Published October 29. 2013 4:00AM
Connecticut shouldn't be stampeded by the ritual and politically correct indignation being whipped up by complaints that rape accusations by seven students were mishandled by the University of Connecticut. The complaints, filed with the U.S. Education Department's Office of Civil Rights by celebrity lawyer Gloria Allred, should get simple due process of law - from the federal government, the university, state officials, and news organizations.
The implication of the indignation is that all accusations of sexual assault are valid and provable, when of course they are not. Some such accusations are completely false. Some, especially in the college environment, where raw passions collide with tender feelings, arise more from resentment and regret than from any violation of criminal law. And even the most truthful accusation against the most contemptible predator may be unable to disprove a lie.
UConn President Susan Herbst seems to have been too quick to insist that the university handled the seven cases properly. She couldn't really have known, since all the details of the complaint to the federal government have not been made public. But Herbst's offer to undertake a public review of the cases if the accusers consent to disclosure of their files confirmed the university's good intentions.
Of course if the accusers really want a public review, they can always bring suit in court against the people they accuse and against the university itself and let everything come out there. That would be much more comprehensive and illuminating than asking a federal agency to undertake what almost certainly will be a secret investigation. While some of the accusers bravely identified themselves when their complaint was announced, there is not yet such a lawsuit.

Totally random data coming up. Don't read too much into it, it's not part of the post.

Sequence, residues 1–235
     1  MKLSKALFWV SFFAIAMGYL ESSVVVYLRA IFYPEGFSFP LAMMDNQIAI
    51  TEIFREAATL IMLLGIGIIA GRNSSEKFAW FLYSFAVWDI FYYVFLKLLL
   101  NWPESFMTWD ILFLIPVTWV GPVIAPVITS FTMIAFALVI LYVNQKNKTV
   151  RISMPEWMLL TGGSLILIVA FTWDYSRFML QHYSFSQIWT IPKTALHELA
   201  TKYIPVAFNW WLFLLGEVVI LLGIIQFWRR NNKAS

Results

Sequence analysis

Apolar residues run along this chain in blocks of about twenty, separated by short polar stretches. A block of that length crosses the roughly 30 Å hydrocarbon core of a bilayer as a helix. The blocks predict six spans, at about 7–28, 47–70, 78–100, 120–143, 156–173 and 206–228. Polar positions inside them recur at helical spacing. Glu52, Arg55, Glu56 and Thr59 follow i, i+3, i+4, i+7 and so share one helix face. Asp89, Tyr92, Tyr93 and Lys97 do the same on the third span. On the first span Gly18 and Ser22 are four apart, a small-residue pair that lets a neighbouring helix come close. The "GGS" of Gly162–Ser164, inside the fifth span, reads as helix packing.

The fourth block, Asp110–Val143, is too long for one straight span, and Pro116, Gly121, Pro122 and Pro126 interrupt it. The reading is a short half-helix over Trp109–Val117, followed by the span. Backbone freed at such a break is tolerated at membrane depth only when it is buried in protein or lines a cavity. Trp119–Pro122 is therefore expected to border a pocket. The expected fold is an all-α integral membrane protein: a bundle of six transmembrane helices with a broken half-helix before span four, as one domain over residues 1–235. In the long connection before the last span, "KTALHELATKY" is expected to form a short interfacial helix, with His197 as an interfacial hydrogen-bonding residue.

Most of if not all the sexual assault complaints may have been impugned from the start by the failure of the accusers to make them directly and promptly to the police. Timeliness is everything with physical evidence in rape cases, and delay inevitably raises suspicion that emotional developments are distorting events.
As some observers have suggested, maybe rape complaints on college campuses should be investigated by state police rather than college police, but that is hardly the problem when no complaints to police are made at all.
More importantly, it must be asked, as was quickly done by the General Assembly's Republican minority leaders, state Sen. John McKinney of Fairfield and Rep. Lawrence Cafero of Norwalk, why UConn handles sexual assault accusations through a student disciplinary system quite apart from police investigation and why such accusations are not just automatically forwarded to the police for them to handle exclusively.
For sexual assault is a crime, not a student disciplinary infraction, and the university is not part of the criminal-justice system and is hardly more competent to judge intimate relationships between students. Indeed, such administrative reviews seem like the work of a sort of Office of Broken Hearts, a mechanism by which aggrieved students can get the university to scold the worst cads without requiring the aggrieved to take full legal responsibility for their accusations, a mechanism for smoothing over cases that probably would not sustain criminal prosecution.
There's enough here for legislative committees to call an informational hearing about UConn's procedures and the procedures of all state universities for handling sexual assault complaints. But while Governor Malloy says he wants assurance from UConn that sexual assault victims are treated with "the utmost respect," will anyone in authority in Connecticut ever respect them enough - and respect the public enough - to stop patronizing them and instead start explaining the distinction between victims and accusers and the supremacy of due process of law?